Mothers in Prison. Children in Crisis.
1. How many incarcerated mothers in Arkansas have minor children?
There are approximately 1000 women imprisoned in our state system of corrections. 900 have minor children with 3 children per mother. This means we have 2700 children with mothers in our state prison. This does not include the children of mothers serving time in jails in our state, nor does it include the mothers who are on bail or under parole or probation status.
2. What kind of services are available for relatives caring for other relatives' children who are imprisoned?
There is cash assistance at a rate of $82 for the first child and $41 for all of the subsequent children, meaning $1.69 per day for those typical three children. The caregiver families may also qualify for Medicaid, and, if the household income is low enough, they may qualify for Food Stamps. There is no guardianship subsidy in our state. Yet, the state foster care system will pay strangers and relatives who meet the foster care standards, and the stipend can be as much as $500 per child with an array of services including transportation, etc.
3. What are the most common crimes that women commit?
Non-violent, usually Theft, Fraud, or Possession of drugs with intent to sell. Typically, women commit crimes of economics related to survival and their addiction illness.
4. Do the children want to visit their mothers in prison?
In most cases, the children want to very much. It is usually the mother or the caregiver who decides it is not in the children's best interests. Most children are very anxious about how their mothers are being treated, and they miss them greatly. The frequency of visits allows the children to maintain a relationship with their mothers.
5. How often do mothers and children have visits?
Less than half of the mothers receive any sort of visit from their children.
6. What about children with fathers in prison? Is it the same?
Children of incarcerated fathers are usually left behind with their mothers. Their lives are not as disrupted by moving to a new household or separated from their brothers and sisters. Visits with their father usually depend on the relationship between mothers and fathers. Most dads in prison did not live with their children at the time of their incarceration.
7. Why are these children so vulnerable to getting into the criminal justice system?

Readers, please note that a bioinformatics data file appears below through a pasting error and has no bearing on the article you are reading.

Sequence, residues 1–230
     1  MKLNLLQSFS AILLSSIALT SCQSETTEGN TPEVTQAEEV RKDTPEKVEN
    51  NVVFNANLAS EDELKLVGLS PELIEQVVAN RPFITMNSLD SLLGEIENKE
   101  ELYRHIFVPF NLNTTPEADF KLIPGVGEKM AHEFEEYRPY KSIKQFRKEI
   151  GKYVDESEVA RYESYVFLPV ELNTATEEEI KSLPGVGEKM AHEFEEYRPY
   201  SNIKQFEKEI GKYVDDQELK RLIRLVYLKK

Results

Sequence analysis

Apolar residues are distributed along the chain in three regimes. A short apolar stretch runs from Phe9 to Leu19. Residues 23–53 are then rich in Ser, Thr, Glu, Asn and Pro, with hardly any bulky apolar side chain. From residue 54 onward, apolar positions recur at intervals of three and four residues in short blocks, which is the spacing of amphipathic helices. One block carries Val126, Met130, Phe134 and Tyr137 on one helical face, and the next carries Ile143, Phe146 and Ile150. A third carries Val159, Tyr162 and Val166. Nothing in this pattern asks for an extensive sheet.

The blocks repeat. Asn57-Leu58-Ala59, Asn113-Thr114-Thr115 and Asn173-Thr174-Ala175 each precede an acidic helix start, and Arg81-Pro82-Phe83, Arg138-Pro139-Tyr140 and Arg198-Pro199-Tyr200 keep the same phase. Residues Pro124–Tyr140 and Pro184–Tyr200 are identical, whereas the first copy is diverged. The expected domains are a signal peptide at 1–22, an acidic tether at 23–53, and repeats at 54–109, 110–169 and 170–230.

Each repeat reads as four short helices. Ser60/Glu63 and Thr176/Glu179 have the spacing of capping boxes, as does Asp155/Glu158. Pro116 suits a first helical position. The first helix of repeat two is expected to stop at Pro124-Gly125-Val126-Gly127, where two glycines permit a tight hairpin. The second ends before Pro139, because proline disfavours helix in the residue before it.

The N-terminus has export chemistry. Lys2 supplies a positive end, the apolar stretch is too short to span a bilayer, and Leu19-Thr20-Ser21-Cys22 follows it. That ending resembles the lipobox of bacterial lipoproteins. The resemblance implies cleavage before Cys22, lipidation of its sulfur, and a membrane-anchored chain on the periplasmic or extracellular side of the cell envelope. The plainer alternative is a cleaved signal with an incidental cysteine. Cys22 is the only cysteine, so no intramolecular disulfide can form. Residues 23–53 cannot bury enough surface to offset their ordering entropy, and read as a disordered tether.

We are just now learning more about this. Many groups are studying the possible explanations. The most promising hypothesis is that the children are traumatized by the violence they have seen in their homes and communities, substance abuse in their homes, underprotection from their addicted parent, the trauma of witnessing their mother's arrest, then her absence, and we all know how traumatizing that can be for a child at any age.
8. How can we help break this cycle of incarceration?
There are many ways and many new strategies. Communities have to open their hearts and minds to these children. Talk with them, mentor them, help a grandmother transport her grandchildren to needed services, develop support groups in your religious organization, write letters to your elected officials and policy makers, BE THERE!
9. Is this really related to my life?
Yes, it is. The dollars being spent on incarceration can be better used for prevention and alternatives to incarceration. We need more community-based supervision possibilities for these mothers, that will allow them to stay with their children or at least in the communities where their children live. Most mothers in prison will be home with their children in a fairly brief time, eighteen months or so. Repairing the damage of the loss of a mother is not easily done and leaves wounds for the children that can only be healed with helping the children process these feelings of fear, abandonment, anger, and grief.
10. What is going to happen to these children?
WE will see them in our prisons and juvenile detention, undereducated, depressed, addicted, and feeling themselves to be of no worth or value.WE must begin to serve them and their families, rather than allowing the worst to happen.Last Updated 11 Aug 2008